Domestic Policy as Prisoner\'s Dilemma?

The recent kerfuffle over the long-term costs of the European-style welfare state got me to thinking about the validity of the central premise: Is it likely that a small difference in growth rates between countries will persist over the several decades required to compound into major differences in standard of living?

My tentative conclusion is that it's probably not likely to happen in a global economy, because global capital markets and the nonrivalrous nature of technology tend to promote reversion to the mean. All else being equal, countries with lower wages are more attractive to foreign investors, so a country can tax its citizens quite heavily and still rely on foreign capital and foreign research to fuel its growth. The viability of this strategy is, of course, contingent on treating foreign capital well and taxing it lightly, but since wages generally account for the lion's share of national income, this is a small price to pay.

Conversely, leading the pack is hard. When wages are high, foreign and domestic investors alike may look elsewhere for better returns, and having to bear a disproportionate share of research costs doesn't help. So it's very hard for a country which already has a high GDP to sustain superior growth decade after decade.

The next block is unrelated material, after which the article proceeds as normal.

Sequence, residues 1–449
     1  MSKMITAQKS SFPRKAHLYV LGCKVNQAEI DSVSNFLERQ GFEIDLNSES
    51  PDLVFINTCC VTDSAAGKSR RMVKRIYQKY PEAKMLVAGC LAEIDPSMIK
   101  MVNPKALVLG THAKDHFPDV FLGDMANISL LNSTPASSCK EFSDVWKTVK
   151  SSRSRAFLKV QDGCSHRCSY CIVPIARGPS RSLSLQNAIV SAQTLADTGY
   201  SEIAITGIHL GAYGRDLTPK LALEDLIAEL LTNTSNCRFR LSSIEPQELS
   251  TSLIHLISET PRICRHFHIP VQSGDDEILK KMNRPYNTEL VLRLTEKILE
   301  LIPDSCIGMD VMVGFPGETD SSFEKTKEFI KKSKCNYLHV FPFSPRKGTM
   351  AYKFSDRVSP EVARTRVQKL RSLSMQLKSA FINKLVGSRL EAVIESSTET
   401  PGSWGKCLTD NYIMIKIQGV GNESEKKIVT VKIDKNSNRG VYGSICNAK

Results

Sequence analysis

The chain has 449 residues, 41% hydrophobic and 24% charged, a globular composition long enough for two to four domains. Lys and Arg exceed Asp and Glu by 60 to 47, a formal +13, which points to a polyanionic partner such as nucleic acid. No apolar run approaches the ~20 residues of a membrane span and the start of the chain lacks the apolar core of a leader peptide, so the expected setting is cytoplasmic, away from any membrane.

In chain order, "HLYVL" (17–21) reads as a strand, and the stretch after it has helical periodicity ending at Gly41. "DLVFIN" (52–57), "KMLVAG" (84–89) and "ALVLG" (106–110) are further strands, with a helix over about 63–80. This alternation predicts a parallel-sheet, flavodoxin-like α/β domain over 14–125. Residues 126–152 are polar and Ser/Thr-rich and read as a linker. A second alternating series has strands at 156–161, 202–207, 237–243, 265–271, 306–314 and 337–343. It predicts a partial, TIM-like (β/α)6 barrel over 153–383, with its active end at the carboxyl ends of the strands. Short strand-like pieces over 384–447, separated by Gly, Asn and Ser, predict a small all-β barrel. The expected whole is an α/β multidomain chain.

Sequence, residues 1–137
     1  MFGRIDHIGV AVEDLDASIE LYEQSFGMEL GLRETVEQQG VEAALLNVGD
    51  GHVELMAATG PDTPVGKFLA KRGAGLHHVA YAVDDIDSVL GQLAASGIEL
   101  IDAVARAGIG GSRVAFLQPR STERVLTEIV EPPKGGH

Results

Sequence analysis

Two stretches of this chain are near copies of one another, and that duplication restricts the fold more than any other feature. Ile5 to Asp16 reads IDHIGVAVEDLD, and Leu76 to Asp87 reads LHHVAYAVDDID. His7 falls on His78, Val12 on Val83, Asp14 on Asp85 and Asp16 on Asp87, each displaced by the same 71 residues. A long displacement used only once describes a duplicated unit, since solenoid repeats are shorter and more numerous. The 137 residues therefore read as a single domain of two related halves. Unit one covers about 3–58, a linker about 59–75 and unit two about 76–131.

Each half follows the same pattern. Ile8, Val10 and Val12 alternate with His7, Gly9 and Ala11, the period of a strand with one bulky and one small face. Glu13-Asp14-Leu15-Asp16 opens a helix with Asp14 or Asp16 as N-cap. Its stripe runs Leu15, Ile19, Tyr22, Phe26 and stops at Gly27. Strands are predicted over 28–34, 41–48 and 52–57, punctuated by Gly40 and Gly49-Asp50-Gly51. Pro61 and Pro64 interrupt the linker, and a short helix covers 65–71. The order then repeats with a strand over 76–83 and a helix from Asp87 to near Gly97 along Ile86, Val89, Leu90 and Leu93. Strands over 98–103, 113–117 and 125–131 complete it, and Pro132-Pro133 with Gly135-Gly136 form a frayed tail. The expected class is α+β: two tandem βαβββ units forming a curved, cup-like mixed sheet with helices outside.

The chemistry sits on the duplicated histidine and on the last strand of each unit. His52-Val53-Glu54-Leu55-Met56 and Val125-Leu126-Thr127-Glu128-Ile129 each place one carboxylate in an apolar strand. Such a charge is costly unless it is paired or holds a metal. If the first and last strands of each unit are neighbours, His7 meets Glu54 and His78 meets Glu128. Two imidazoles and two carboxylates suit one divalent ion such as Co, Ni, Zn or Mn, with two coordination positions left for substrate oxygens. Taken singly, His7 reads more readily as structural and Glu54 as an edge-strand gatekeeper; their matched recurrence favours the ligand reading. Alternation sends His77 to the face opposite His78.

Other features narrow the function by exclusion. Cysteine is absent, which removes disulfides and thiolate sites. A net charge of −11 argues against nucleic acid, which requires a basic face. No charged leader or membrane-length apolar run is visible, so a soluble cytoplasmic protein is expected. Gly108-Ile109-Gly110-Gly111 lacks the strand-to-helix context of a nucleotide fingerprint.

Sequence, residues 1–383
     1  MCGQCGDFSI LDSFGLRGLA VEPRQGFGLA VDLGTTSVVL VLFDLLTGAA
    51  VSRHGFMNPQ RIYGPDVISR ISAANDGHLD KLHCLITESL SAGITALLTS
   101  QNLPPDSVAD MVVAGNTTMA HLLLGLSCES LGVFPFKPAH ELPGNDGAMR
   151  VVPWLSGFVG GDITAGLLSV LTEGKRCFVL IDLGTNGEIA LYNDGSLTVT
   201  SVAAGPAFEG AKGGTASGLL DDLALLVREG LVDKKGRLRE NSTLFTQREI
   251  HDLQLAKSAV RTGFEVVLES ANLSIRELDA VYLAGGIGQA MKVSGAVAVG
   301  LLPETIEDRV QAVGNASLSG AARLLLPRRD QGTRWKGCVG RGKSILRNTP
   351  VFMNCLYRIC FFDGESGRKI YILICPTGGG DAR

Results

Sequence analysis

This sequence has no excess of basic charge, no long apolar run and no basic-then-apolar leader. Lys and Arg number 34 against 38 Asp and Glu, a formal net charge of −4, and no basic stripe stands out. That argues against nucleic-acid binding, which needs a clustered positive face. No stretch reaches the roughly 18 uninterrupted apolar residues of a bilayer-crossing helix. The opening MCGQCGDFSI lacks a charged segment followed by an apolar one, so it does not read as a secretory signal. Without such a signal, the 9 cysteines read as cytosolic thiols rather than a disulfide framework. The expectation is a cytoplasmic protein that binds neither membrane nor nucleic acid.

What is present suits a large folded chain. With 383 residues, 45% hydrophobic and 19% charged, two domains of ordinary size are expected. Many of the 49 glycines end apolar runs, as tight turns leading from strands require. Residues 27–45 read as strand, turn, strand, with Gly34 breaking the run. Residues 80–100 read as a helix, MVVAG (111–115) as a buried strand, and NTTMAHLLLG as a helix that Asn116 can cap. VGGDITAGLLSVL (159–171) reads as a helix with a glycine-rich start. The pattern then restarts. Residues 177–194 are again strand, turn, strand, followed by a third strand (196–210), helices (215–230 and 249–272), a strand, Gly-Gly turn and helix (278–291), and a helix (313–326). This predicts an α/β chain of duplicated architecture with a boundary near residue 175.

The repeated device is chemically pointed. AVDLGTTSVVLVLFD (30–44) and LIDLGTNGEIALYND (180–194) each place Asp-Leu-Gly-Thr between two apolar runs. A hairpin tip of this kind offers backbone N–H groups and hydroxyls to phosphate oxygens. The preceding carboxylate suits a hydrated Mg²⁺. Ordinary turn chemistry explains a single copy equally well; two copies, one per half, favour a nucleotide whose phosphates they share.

This suggests to me a prisoner's dillemma. If we assume that most countries (or rather, those who ultimately direct policy) would prefer to have an expansive welfare state but not to sacrifice too much growth to pay for it, then the strategy described above is a dominant one. If a country practices fiscal austerity, most of the capital accumulated by its citizens will go to fund other countries' growth anyway, so it makes sense to tax and spend heavily and rely on foreign investors to pick up the slack. But if every country adopts this strategy, relatively sluggish growth ensues.

I'm not entirely sure of the validity of this model, so comments and criticism are welcome.

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